Historic district status sought for Savage millworker houses NORTH LAUREL/SAVAGE

January 22, 1993|By Jackie Powder | Jackie Powder,Staff Writer

For 126 years Savage was a company town. Most of its residents worked for the mill and lived in company-owned homes.

Those yellow, blue and white duplexes still line the streets near the old mill, which has been converted into a thriving antique and crafts center.

The homes have changed relatively little since millworkers lived there, and some Savage residents are working to make sure the houses remain a part of the town's history.

"It's a great example of a millworkers' town, and everything's intact from the period," said Mary Ann Gardes, who's leading the effort to have a portion of Savage designated as a county historic district.

Ms. Gardes, a member of the county's Historic District Commission, lives in a former millworker's home on Baltimore Street. She and Savage resident Carolyn Adami have been collecting signatures of residents in the potential historic district to submit to the commission.

If a majority of the community supports the historic district, then the Department of Planning and Zoning will back the proposal, said Alice Ann Wetzel, the county's historic planner.

The proposed historic district would extend from Savage Mill to Baltimore Street and from Carroll Baldwin Hall to Fair Street.

The Savage Mill and the millworkers homes were placed on the National Register of Historic Places in 1974, but this designation doesn't regulate future development.

"We're just trying to preserve the village as it is for future generations; we think it's worth keeping," Mrs. Gardes said.

According to Vera Philby's history of Savage, the mill laid out curbed streets and built housing for its mill hands in the 1820s. By 1882, Savage had a population of about 300, with 175 people employed by the mill.

"For those content to grow up and live and die in Savage, the mill and the company provided almost everything needed for a simple but self-sufficient life. Directly or indirectly, the mill supplied food, clothing and shelter to all," Mrs. Philby wrote.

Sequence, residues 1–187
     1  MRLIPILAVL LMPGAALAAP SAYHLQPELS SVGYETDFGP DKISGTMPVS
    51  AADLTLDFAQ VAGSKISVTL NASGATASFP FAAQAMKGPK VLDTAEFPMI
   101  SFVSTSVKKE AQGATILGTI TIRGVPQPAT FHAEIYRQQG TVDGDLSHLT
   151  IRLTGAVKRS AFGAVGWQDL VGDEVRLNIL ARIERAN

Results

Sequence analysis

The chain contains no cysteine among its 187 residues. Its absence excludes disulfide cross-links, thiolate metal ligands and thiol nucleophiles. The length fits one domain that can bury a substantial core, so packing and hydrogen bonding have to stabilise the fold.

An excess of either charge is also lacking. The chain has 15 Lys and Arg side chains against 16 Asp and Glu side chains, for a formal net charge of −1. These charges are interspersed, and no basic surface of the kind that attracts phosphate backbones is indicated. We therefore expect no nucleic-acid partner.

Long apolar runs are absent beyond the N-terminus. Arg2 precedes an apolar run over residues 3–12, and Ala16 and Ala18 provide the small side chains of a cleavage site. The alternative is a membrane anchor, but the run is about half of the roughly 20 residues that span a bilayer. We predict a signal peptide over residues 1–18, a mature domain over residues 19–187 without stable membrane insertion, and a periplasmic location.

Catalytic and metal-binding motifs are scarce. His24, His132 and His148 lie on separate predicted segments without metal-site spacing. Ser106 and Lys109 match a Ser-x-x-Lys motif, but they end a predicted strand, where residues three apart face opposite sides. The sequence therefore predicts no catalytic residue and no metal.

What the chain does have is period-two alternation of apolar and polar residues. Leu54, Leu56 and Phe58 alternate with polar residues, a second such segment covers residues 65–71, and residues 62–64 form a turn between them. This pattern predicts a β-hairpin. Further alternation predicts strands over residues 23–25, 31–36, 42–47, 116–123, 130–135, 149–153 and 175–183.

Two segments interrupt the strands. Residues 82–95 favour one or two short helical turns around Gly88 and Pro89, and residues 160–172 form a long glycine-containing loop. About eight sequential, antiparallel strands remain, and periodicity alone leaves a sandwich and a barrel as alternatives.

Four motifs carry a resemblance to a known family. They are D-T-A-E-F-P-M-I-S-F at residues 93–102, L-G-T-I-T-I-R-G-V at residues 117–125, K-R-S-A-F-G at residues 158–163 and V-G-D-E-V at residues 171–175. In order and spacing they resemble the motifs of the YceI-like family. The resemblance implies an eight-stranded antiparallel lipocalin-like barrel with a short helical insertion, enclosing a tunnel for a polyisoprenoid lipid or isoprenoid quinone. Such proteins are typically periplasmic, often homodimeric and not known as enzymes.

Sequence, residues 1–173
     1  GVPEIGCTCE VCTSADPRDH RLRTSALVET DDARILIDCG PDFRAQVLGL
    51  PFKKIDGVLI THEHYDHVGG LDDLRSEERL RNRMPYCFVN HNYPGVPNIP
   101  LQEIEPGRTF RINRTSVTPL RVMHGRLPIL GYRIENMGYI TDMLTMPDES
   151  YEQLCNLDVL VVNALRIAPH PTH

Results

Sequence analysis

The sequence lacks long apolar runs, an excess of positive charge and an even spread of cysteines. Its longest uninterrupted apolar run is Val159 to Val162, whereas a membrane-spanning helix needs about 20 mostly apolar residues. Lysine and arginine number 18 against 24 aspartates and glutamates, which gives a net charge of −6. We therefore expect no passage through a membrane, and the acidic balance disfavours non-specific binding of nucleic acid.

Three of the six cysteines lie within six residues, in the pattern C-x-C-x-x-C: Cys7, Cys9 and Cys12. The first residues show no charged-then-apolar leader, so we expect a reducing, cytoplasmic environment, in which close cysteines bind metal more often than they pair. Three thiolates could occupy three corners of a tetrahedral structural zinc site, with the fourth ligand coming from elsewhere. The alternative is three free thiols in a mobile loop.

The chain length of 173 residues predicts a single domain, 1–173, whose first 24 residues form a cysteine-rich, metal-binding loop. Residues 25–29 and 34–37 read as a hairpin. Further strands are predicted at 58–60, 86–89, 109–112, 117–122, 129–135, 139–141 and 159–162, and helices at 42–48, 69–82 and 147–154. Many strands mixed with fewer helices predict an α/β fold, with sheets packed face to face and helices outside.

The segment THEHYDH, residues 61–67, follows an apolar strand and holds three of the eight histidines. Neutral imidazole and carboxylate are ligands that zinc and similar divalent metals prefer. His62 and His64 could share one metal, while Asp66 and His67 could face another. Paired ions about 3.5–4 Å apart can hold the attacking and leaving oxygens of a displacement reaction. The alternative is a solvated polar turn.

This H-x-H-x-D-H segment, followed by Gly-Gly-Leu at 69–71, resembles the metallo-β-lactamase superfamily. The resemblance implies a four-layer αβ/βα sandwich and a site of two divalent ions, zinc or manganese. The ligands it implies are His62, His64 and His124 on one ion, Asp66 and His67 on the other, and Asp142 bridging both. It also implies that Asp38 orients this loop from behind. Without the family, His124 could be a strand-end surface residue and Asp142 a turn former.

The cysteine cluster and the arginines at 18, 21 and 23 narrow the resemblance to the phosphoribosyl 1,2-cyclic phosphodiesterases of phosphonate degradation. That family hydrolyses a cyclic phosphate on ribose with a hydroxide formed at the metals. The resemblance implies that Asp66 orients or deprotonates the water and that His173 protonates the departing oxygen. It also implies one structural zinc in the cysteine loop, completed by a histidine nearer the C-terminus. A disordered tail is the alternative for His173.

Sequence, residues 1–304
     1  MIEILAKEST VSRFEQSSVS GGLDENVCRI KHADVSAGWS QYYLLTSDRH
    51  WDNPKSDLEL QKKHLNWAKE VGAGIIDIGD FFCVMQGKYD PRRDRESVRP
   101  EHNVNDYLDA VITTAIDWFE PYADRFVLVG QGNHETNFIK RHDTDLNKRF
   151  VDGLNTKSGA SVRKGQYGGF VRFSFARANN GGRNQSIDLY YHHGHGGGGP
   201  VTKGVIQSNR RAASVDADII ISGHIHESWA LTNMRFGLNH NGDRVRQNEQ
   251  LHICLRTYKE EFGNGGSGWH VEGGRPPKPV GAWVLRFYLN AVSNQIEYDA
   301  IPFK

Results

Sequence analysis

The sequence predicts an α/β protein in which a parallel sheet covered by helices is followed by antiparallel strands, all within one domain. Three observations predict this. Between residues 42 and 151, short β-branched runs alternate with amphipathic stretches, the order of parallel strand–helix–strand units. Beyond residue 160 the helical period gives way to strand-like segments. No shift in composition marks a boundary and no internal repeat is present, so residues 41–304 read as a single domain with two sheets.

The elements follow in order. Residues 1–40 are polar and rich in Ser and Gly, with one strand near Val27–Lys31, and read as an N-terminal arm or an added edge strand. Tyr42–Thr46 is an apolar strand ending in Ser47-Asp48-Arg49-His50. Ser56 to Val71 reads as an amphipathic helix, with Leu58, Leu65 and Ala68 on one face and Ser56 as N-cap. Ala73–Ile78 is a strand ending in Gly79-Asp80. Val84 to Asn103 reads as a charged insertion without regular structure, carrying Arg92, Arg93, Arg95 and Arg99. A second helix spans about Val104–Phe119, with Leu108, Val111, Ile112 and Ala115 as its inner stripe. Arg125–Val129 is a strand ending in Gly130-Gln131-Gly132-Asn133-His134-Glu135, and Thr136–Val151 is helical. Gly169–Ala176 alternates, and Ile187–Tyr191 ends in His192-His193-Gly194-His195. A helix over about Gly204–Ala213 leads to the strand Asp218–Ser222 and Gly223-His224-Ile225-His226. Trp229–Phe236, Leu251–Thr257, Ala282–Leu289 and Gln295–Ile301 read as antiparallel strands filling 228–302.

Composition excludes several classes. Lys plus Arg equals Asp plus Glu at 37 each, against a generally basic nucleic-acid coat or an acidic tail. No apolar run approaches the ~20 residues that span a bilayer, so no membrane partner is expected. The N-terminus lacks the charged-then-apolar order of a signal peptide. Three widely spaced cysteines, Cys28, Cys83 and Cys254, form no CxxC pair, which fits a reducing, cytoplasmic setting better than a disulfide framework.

The mill's most productive time was during World War II when it employed 400 people and produced 400,000 pounds of cloth a month. Millworkers houses rented for $2 a week.

Over the years, some of old brick houses were modernized with aluminum siding and additions. Mrs. Adami, who lives in a millworker's house on Baltimore Street, sees the historic district effort as a way of controlling future modifications.

"A lot of people had been adding on to the houses, and it's been kind of a jumble," Mrs. Adami said.

If an area is designated as a historic district, all exterior improvements to buildings within the district would have to be approved by a seven-member Historic District Commission, said Wetzel.

Final approval for historic district status comes from the county Zoning Board, because the change is considered an amendment to the official zoning map, Ms. Wetzel said.

Jay Winer, the developer of Savage Mill, said the idea of historic district status is a good one, but pointed out that the designation can create new problems.

"It's a question of trying to balance the interest in preservation with redevelopment of the properties," said Mr. Winer, who worked to have the mill named as a national historic site. "It's easy to add on layers of regulations and review to what's already required."

Baltimore Sun Articles
Please note the green-lined linked article text has been applied commercially without any involvement from our newsroom editors, reporters or any other editorial staff.